Today (July 30) marks Kate Bush’s 60th birthday and to celebrate, we are taking a look back at ten of the key songs over the past four decades that have cemented Kate’s reputation as a cultural icon, pop legend, and artistic genius.
What are your favourite Kate Bush songs? Do you have any special Kate memories?
'Wuthering Heights' (1978)
You couldn’t have a list like this without Kate’s iconic debut single.
Released at the dawn of 1978, in an era where punk and disco ruled the airwaves, Kate arrived, at 19, with this eccentric and entirely unique slice of proggy neo-classical art pop that, no exaggeration, changed the course of pop music.
Fun fact: Kate turns 60 on the 200th anniversary of Emily Brontë’s birth.
Kate’s Tour of Life in 1979 rewrote the rules as far as elaborate pop staging was concerned, and, over a decade before Madonna’s Blond Ambition Tour, pioneered the use of the headset microphone.
A veritable cornucopia of outlandish choreography, swooping vocals, and top-quality pop music, its effects can be seen in 'Wow', which also highlights Kate’s way with a character and the influence of mime artist Lindsey Kemp.
'Sat In Your Lap' (1981)
By the early ‘80s, Kate was producing her own records and they began to take a more cerebral, experimental turn.
Kate had always incorporated strange, exotic elements into her music, but 1982’s 'The Dreaming' was something else – a bold artistic statement that puzzled the mainstream press at the time but today stands as one of the landmark records in pop.
Its lead single, 'Sat In Your Lap', with its hypnotic, thunderous tribal drumming, rhythmic piano, and squalling synths, still sounds fresh and exciting today. And the video is one of the most Kate Bush of all Kate Bush videos.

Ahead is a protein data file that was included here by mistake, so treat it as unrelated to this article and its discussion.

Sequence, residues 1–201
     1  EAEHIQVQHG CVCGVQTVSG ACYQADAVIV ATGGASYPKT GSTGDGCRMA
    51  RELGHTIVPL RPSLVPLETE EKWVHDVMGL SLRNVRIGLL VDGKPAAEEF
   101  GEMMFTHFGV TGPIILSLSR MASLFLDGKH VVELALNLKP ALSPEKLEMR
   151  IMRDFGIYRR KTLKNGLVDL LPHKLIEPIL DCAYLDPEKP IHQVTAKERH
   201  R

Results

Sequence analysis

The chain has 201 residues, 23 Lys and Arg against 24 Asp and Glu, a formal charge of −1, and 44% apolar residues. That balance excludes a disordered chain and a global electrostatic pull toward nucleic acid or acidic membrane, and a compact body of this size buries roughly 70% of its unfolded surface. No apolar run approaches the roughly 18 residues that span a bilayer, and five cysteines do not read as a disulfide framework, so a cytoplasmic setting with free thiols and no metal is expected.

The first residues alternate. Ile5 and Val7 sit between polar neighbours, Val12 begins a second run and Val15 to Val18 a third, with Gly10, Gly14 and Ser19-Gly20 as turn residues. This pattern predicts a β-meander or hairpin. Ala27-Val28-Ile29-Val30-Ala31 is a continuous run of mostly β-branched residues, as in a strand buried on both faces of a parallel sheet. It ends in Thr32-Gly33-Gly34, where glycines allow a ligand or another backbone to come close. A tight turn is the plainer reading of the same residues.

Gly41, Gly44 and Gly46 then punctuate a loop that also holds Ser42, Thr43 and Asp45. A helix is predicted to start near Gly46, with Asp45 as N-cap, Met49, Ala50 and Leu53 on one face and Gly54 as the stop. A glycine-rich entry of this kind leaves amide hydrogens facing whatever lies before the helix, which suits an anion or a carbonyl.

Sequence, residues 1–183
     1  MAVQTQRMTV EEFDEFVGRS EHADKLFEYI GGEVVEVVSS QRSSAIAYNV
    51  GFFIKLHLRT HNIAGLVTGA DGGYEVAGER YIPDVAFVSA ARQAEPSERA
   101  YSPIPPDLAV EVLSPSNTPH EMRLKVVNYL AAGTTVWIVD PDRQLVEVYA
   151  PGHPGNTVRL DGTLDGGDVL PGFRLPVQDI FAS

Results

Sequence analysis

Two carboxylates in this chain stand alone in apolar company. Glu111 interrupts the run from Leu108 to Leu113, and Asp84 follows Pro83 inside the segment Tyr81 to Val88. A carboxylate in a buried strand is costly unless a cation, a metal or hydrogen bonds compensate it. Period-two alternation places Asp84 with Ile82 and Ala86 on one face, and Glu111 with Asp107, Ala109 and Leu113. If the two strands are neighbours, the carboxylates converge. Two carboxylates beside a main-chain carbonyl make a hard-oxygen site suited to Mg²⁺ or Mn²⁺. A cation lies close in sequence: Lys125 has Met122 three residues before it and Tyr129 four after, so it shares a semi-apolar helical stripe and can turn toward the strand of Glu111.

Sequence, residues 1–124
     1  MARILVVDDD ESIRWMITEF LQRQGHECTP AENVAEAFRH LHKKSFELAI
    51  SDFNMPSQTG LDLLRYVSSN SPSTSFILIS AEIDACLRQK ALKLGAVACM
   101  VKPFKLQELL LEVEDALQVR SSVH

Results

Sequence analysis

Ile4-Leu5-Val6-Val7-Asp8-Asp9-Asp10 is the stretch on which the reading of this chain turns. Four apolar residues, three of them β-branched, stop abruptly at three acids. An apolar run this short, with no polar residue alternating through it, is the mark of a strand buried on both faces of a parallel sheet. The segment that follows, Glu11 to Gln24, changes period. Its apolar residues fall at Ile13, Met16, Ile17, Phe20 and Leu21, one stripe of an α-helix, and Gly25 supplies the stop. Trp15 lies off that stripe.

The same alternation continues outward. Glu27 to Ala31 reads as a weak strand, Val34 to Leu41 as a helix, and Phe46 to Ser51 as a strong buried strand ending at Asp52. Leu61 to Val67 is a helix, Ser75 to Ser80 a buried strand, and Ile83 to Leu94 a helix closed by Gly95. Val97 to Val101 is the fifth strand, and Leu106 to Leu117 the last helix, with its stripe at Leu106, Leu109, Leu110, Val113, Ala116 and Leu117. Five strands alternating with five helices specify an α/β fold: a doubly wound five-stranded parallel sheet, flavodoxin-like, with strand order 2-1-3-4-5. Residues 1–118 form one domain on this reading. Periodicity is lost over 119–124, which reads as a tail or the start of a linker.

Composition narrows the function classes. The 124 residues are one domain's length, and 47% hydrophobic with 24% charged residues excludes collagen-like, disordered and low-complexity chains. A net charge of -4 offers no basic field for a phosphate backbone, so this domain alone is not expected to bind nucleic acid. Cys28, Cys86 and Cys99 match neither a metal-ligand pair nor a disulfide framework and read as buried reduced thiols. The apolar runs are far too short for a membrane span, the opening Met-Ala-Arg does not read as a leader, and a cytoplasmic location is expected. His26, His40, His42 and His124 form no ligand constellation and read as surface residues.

'Running Up That Hill' (1985)
After the relative failure of 'The Dreaming', Kate was seen to be retreating from public view (the beginning of a continuing theme).
In fact, she was hunkering down to create another artistic masterpiece that is widely viewed as one of the greatest records of all time.
'Hounds of Love' was previewed by 'Running Up That Hill', a haunting pop song of majestic beauty that exhibited a new depth and complexity to her vocals and production. Here is her memorable comeback performance on Terry Wogan’s TV Show.
Has Kate Bush ever sounded better than this?
'Cloudbusting', inspired by Peter Reich’s father-son memoir 'A Book of Dreams', is one of her most enduring yet subtle masterworks.
A plaintive melody, emotive vocal performance, ambiguous lyrics with multiple possible interpretations, and a closing chorus that is both joyful and yearning (all topped off with an elegant string arrangement) all add up to something truly exquisite.
Improbably, Kate returned to the live stage in 2014 for her towering 'Before the Dawn' shows and closed each evening with this stupendous song.